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Dahlie, Hallvard.

Vancouver, University of British Columbia Press, cl986. 216pp, cloth, $2230, ISBN 0-7748-0252-9. CIP

Reviewed by Ruth Cosstick

Volume 14 Number 6
1986 November

The Roman poet Ovid, unhappily exiled, is the point of departure for University of Calgary professor Hallvard Dahlie to postulate his theory that the exilic experience, dwelling "at the edge of the world, a land far removed from my own," has a profound affect on the writer. From the early-nineteenth-century peripatetic journalist and author, Sara Jeannette Duncan, to the contemporary Canadian-born European lady, Mavis Gallant, adaptability and its uncompromising opposite are treated through the writers and their characters. The experience of such diverse Emigres as colonial Frederick Philip Grove and the currently notable Josef Skvorecky help to make the point that physical and psychological locations may converge to create what Dahlie refers to as "dramatic possibilities."

The loss of homeland is contrasted with the anticipation of the new from the well-known bush clearings of Susannah Moodie to the lesser known complexities and complaints of Wyndham Lewis. Always topical, Canadian and American culture is discussed from various viewpoints. Most of the roughly twenty writers treated have been as prolific as their Ovidian predecessor.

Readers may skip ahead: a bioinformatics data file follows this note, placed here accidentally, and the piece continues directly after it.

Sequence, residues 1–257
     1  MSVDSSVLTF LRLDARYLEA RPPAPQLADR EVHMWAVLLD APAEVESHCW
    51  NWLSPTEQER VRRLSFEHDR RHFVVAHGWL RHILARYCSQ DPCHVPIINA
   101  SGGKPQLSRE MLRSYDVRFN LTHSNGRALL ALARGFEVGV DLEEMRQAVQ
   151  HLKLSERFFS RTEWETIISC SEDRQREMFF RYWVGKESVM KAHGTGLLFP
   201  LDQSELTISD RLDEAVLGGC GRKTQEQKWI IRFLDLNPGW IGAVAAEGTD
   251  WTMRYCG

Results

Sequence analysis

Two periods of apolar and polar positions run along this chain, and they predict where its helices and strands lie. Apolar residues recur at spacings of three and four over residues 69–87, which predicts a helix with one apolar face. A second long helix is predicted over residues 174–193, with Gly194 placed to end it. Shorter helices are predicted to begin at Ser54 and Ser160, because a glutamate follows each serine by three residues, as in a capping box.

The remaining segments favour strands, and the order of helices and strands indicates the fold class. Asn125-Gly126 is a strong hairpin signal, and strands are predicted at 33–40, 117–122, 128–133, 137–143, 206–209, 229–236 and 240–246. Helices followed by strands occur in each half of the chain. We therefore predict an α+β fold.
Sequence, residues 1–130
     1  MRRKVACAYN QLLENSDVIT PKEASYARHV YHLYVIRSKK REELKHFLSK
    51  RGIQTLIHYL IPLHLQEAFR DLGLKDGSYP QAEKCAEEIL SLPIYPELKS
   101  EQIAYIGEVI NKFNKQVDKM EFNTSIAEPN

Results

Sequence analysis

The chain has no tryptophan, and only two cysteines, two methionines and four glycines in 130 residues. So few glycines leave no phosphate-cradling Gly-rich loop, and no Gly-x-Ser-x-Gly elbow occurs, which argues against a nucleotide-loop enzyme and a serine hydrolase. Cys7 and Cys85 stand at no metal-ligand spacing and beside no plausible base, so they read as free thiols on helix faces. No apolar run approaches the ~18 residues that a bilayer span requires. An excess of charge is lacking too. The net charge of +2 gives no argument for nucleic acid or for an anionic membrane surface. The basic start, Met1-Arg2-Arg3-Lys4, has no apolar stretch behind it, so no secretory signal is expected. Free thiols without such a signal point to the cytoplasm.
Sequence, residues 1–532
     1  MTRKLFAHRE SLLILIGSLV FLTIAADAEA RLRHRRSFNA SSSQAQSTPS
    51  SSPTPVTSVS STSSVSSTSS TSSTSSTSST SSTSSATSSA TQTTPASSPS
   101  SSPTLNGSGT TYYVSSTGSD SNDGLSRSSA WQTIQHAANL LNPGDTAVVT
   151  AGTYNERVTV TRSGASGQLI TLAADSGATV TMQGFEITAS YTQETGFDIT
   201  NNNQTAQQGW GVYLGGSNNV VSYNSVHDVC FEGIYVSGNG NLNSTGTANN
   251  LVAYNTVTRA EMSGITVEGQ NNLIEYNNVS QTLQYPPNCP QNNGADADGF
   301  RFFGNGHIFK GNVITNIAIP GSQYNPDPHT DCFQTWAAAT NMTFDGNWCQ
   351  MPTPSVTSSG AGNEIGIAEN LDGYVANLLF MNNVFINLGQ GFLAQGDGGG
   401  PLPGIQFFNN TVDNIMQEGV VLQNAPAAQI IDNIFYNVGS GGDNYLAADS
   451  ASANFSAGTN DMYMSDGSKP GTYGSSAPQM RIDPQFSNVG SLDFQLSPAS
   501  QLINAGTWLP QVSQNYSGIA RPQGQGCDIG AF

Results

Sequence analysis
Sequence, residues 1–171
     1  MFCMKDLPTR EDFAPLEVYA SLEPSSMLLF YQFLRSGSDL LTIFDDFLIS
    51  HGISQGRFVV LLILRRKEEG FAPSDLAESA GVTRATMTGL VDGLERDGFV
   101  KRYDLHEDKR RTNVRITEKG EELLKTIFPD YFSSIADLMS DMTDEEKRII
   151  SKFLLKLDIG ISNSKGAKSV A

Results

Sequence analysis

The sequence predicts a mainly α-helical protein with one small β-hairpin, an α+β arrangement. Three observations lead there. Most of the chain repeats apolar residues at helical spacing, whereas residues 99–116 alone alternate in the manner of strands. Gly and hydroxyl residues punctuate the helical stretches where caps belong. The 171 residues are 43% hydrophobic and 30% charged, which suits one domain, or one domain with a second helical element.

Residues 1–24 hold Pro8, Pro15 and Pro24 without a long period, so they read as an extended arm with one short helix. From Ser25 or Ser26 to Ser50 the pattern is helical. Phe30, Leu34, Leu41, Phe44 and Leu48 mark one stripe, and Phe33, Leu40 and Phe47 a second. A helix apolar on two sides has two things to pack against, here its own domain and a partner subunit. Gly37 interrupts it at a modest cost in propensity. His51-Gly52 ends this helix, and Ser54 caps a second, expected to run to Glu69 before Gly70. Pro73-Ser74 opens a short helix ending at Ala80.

Dahlie has charted the travels of these Canadian abroad and new Canadians at home with precision, providing chapter notes, primary and secondary bibliographies, and a brief index to assist the reader in his or her own journey through this aspect of Canadian literature. However, it must be noted that these waters have been navigated before. John Moss in Patterns of Isolation (McClelland and Stewart, 1974) and D.L. Jones in Butterfly on Rock (University of Toronto Press, 1970) are but two who have made these explorations within the past fifteen years. Perhaps it is now time for Canadian criticism to proceed from the exilic, isolationist premise to a more mature acceptance of nation and nationality. Somewhat recommended for a select readership.

Ruth Cosstick, Ottawa, Ont.
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